I took a 'writing lunch' last week and decided to go old-school, pen and lined notebook paper style. I left work with exactly an hour to spare. I ended up in a Thai restaurant, requested a small table off in a corner by itself, and just started writing. I had no plan and in fact, I had constrained myself to NOT working on any of my existing projects. I wanted to see what would happen if I allowed myself to freely write. I started out a little slow, but by the time my food arrived (fabulous stir-fried noodles with vegetables), I was engrossed in a story and didn't want to stop writing. I was on a roll. It felt really good to be released from the self-imposed pressure of writing something really fabulous. I came home later and typed up the story and I had a little over 900 words. Not too shabby! The story is most likely complete crap, but the story isn't the really valuable part. The value lies in learning to transcend my usual patterns and boundaries. As a fringe benefit, I may have the beginning of a character sketch or scene that I can use. I'm always surprised how bits and pieces of my writing end up fitting together later. Of course, this kind of wildness won't work all the time. There are definitely times in which I need to focus, plan, and prioritize, but it is good exercise to let my creative self completely take over occasionally so that I can hear what she has to say. I tend to over-think and criticize my own work very harshly, even in first draft form, and this can scare away my creativity and imagination.This post is dedicated to the myriad of ways that we can prompt our inner talents to flow. I'm addressing it primarily in the context of creative writing, but these concepts could easily be applied to other creative endeavors.
I challenge you to schedule a creative lunch once a week. Consider it a gift to yourself.
I personally think reading is the single most inspirational, instructional activity in which writers can engage. This quote from Stephen King is taken from his memoir On Writing:
“If you don't have time to read, you don't have the time (or the tools) to write. Simple as that.”
To grow as a fiction writer, you should read fiction, preferably good books. Of course, you could always read BAD books as an example of what not to do, but that seems like taking the long way around. Choosing which books to read can be difficult. There are soooooooooo many books and we have so little time, so I feel compelled to choose wisely. To this end, I am constantly reading book reviews, perusing book lists, and getting advice from other readers online. Sometimes, the process of researching the books is almost as much fun as actually reading them. As you go through the process of researching which books to read, you'll start to develop a good eye for the types of books that really resonate with you. I know now which booklists represent my reading style. For instance, several years ago, I decided that I was going to read one book from each author who had been awarded the Nobel Prize for Literature. God only knows where I come up with wacky ideas like this. I spent quite a bit of time looking at lists of winners and reading reviews. I prepared a list of books and requested a f*@#-ton of books for Christmas. Turns out, I liked some of these books, but others left me cold. I've found that there are other lists that hit the mark more consistently for my tastes such as The Pulitzer Prize and The Man Booker Prize lists.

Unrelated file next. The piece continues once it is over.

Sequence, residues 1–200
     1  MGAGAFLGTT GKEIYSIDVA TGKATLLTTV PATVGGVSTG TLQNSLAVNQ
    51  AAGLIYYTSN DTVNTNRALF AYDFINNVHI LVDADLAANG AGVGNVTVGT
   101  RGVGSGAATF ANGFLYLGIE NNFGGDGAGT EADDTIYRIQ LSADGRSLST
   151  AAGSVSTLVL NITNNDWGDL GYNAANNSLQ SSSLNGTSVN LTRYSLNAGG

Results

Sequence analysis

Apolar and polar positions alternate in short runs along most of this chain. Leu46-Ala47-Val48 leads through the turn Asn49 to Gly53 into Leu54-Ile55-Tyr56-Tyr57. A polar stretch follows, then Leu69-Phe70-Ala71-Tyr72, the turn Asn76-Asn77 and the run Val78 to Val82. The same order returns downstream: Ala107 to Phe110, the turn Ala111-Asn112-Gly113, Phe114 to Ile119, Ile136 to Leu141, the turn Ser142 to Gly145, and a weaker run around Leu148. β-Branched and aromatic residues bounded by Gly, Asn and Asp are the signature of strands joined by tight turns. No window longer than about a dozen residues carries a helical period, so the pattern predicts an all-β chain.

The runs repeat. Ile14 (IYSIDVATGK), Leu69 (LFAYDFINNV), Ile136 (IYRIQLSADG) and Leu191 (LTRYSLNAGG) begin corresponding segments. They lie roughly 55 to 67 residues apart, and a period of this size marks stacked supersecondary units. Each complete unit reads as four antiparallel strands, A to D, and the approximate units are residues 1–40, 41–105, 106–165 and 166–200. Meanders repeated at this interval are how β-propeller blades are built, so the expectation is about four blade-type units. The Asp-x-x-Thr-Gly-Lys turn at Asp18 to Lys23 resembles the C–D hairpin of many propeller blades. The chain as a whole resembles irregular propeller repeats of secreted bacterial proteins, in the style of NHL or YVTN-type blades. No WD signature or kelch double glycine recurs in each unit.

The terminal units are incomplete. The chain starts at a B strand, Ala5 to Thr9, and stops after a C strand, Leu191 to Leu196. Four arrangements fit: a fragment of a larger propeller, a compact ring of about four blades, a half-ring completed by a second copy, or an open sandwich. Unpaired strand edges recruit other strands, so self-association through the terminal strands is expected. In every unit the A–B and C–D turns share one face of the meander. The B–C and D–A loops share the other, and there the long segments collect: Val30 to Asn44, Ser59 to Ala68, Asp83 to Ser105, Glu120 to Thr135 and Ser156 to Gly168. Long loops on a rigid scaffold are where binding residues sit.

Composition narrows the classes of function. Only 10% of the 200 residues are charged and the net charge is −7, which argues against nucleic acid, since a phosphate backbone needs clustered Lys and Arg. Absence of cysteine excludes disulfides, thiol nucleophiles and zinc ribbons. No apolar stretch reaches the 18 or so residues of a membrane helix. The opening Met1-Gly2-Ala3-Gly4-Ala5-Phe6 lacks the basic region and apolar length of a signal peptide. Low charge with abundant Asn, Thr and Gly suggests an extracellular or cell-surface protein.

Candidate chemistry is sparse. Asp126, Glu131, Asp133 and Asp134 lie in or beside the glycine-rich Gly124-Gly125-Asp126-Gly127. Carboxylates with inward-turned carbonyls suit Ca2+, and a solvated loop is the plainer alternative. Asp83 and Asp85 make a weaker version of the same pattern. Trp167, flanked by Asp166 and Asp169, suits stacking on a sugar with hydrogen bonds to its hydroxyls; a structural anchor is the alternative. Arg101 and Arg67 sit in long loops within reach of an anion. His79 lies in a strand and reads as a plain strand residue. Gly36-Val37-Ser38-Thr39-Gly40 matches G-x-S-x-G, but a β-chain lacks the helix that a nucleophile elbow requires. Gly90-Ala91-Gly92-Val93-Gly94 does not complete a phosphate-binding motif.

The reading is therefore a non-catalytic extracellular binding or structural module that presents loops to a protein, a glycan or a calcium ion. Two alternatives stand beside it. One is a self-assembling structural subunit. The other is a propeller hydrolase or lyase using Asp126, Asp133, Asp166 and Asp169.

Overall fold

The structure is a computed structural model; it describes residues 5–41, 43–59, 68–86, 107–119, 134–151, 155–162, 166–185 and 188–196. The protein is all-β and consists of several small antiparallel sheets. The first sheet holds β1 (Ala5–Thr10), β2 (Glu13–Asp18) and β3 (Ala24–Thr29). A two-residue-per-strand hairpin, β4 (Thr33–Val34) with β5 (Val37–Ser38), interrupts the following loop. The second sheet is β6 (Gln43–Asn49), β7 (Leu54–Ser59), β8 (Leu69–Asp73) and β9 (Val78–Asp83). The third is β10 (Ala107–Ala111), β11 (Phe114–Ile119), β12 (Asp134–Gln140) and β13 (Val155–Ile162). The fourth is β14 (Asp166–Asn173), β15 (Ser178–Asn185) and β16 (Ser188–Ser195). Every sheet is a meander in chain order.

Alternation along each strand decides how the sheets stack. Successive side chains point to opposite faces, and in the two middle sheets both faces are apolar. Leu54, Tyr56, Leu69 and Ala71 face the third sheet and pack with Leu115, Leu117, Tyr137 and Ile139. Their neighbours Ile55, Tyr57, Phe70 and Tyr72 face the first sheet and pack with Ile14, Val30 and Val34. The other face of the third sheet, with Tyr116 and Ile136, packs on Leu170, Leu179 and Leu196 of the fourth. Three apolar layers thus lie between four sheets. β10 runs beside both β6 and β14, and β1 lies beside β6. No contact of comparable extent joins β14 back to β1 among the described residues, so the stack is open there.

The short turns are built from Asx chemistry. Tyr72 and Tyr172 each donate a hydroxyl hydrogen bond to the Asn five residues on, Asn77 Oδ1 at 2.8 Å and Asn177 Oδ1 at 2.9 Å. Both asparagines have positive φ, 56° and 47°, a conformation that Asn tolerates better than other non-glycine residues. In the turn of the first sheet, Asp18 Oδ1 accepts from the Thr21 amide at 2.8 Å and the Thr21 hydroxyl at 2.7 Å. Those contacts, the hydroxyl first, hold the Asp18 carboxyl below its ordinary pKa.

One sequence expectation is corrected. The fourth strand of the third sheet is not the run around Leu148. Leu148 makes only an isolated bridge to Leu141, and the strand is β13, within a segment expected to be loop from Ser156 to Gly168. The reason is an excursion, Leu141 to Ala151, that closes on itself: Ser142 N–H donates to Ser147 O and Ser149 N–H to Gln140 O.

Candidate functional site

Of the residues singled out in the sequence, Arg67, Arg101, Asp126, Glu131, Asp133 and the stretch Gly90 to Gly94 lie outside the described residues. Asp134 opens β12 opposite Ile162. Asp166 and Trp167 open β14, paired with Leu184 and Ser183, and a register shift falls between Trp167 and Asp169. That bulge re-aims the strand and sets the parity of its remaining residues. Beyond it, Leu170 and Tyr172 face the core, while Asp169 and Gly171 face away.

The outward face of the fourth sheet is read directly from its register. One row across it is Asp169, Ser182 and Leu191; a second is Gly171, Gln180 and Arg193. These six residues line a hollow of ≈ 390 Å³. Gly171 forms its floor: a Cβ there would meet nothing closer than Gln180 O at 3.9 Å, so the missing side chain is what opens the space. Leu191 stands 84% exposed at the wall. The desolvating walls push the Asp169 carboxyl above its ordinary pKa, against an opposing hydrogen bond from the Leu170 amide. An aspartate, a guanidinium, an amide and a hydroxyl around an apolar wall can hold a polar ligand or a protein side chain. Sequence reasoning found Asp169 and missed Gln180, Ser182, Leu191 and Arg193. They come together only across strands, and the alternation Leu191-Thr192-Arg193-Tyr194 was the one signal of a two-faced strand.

Unless you were born with a novel in your head waiting to be written, you need to work at it. Research what works for other writers. Even if the exact same methods don't work for you, they can give rise to great ideas. If nothing else, success stories can reassure you that it can be done. If you want to read books about writing, here is a short list of some that I have personally found useful:
- Poemcrazy, Susan Goldsmith Woolridge
- Writing Down the Bones, Natalie Goldberg
- The Writing Life, Anne Dillard
- Bird by Bird, Anne Lamott
- Word Work, Bruce Holland Rogers
- Best Words Best Order, Stephen Dobyns
Here are two additional books which are currently in my to-be-read list that I have high hopes for:
On Writing, Stephen King
Writing the Natural Way, Gabriele Rico
If you've read them and have comments, please let me know. They're on my bedside table right now begging for attention.
A friend and leader of the Writing Group I have recently joined, recommended to me a really amazing resource for writing. If you don't write or read sci-fi, don't be put off by the dragons or the general sci-fi theme. This is a fantastic site for writers of any genre. Brandon Sanderson has allowed his 2012 Creative Writing course at BYU to be filmed and made available freely for our viewing pleasure. I'm only partially through Lecture 2, and I've already learned many valuable things that I am applying to my writing. If you do listen to the lectures, you will hear Brandon's Writing Group construct for the class. We are following this general guidance for our group. Challenge yourself to listen to this set of lectures, or something else that will help you stretch yourself as a writer.
If you're a regular blog reader, you've heard this before, but it bears repeating - use Duotrope. It will help you to organize and keep track of your writing, and includes really awesome search capabilities for lit markets. The has just been revamped and is even more fabulous than usual!
Here is my advice in a list:
- Schedule time for creativity. Write a lot.
- Read good fiction.
- Research the craft of writing.
- Challenge yourself to learn new skills.
- Be organized.
I'll leave you with studio photos of a work-in-progress, I Laughed Until I Cried. Below, you see the progression of the painting from beginning to current state. I'm starting to feel that it's almost complete. I'm heating up my wax palette at this very moment.